ASHLAND, Va. — An Ashland resident is suing the creators of a popular television series, claiming a tale he recently published was the basis for the show.
Timothy J. Levi filed a lawsuit in Richmond federal court on March 3, alleging copyright infringement against Twentieth Century Fox Film Corp., Lee Daniels and Danny Strong, who created the Fox show “Empire,” as well as Richmond attorney Robert Walker.
Levi, 56, is seeking $1.5 billion in damages on the allegation that the defendants infringed upon his manuscript, “Unity Incorporated: The Mastermind,” which he self-published as a book last year.
“Empire” revolves around character Lucious Lyon’s struggle to put his life of crime behind him while building a successful record company. The show’s two seasons have been widely acclaimed since premiering in 2015. “Empire” has garnered Golden Globes and NAACP Image Awards and has been renewed for a third season.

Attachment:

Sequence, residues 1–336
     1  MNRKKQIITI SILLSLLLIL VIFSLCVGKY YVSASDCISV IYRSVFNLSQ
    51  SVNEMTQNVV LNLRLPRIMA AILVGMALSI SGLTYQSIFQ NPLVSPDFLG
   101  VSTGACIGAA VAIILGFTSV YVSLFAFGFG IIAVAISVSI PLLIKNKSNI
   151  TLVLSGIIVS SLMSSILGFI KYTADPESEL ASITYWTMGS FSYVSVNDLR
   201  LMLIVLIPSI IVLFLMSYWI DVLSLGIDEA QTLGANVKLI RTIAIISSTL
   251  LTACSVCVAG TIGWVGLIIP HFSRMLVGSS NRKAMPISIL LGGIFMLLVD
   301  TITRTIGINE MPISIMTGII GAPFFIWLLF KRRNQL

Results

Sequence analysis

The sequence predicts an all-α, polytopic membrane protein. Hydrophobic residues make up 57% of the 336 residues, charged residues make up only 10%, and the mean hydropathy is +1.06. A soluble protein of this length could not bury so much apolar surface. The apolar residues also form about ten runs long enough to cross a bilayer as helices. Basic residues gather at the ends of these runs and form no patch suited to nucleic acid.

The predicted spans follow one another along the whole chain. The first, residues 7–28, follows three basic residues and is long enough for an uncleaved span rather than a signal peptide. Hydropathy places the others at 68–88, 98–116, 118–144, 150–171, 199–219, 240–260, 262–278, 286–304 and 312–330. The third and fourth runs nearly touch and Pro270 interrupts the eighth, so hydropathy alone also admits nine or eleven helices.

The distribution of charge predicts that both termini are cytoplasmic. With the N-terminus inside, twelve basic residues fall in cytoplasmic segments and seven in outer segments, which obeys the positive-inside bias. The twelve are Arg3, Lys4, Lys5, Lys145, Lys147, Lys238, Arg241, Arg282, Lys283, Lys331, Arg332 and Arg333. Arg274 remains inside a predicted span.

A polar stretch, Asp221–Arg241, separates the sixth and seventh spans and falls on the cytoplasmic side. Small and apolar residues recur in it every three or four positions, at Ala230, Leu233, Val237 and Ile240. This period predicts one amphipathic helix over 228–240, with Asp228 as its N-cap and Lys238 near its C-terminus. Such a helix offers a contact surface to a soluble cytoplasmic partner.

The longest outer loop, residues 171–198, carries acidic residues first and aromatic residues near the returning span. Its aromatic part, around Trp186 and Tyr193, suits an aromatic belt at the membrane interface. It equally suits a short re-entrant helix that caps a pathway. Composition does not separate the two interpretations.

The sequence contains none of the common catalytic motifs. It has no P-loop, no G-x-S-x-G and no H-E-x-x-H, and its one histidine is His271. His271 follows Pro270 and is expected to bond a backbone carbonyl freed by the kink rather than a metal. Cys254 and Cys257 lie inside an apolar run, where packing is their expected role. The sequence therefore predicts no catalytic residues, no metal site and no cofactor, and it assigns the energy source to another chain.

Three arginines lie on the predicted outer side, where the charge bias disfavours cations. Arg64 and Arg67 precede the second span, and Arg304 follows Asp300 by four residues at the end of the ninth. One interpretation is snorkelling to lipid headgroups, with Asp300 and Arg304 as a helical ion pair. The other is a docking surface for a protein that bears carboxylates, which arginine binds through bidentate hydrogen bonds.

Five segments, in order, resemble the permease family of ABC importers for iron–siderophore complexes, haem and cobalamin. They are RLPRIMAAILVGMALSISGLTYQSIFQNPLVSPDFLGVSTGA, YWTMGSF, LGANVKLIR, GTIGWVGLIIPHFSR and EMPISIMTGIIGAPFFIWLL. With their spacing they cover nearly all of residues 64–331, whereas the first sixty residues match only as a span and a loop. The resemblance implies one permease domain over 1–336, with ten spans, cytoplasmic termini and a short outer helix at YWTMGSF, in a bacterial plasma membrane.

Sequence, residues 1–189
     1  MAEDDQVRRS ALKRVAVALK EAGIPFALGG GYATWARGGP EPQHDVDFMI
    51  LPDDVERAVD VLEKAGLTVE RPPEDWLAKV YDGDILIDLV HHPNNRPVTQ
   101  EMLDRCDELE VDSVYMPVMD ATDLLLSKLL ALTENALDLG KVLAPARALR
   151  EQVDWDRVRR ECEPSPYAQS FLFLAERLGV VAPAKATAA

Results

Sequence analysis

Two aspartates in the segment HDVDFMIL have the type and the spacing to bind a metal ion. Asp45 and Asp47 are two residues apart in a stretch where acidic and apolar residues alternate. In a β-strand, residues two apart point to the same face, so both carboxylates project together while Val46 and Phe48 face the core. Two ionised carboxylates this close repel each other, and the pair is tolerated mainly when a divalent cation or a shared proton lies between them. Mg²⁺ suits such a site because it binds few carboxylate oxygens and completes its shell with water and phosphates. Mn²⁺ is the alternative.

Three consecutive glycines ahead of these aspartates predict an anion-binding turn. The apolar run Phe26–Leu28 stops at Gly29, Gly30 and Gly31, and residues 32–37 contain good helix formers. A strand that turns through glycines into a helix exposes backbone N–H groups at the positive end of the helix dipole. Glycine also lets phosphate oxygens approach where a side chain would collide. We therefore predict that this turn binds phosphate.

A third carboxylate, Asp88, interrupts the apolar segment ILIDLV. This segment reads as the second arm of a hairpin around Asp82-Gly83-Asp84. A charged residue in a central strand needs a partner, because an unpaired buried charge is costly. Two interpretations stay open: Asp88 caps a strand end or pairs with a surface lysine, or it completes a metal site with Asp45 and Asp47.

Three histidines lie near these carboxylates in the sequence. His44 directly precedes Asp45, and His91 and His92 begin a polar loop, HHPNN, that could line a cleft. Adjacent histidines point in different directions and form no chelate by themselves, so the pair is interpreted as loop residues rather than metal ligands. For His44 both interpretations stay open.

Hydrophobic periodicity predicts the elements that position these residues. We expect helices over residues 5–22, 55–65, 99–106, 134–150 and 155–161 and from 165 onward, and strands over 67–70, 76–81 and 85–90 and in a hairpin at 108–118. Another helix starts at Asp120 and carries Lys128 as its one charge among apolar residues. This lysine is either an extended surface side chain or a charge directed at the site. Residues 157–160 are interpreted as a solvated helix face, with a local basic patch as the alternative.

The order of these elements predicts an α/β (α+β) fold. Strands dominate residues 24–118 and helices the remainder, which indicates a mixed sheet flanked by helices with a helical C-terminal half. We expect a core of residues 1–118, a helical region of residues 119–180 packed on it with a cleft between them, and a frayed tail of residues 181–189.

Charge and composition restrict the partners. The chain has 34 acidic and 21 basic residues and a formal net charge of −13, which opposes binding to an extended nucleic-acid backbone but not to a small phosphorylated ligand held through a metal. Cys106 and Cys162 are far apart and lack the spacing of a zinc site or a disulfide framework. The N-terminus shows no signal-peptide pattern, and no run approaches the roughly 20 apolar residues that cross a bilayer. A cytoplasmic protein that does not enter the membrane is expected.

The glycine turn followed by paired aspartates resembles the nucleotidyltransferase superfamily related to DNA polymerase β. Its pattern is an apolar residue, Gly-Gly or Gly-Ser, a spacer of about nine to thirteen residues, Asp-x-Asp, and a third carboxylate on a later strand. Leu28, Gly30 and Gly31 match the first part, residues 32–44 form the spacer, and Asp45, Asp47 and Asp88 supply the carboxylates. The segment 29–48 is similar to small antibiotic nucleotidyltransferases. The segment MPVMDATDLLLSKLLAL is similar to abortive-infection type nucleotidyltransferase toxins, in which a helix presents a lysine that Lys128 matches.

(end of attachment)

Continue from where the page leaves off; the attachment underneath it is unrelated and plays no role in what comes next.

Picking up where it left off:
The 14-page lawsuit describes the show as “strikingly similar” to Levi’s story: “Each work has a core theme of drama centered on the story of an African American man with a history of violence and raising himself without a mother and father from the ghetto and a life of crime into the world of the music industry.
“Both works also assert how the main character is a ‘gangster’ masquerading as a legitimate businessman.”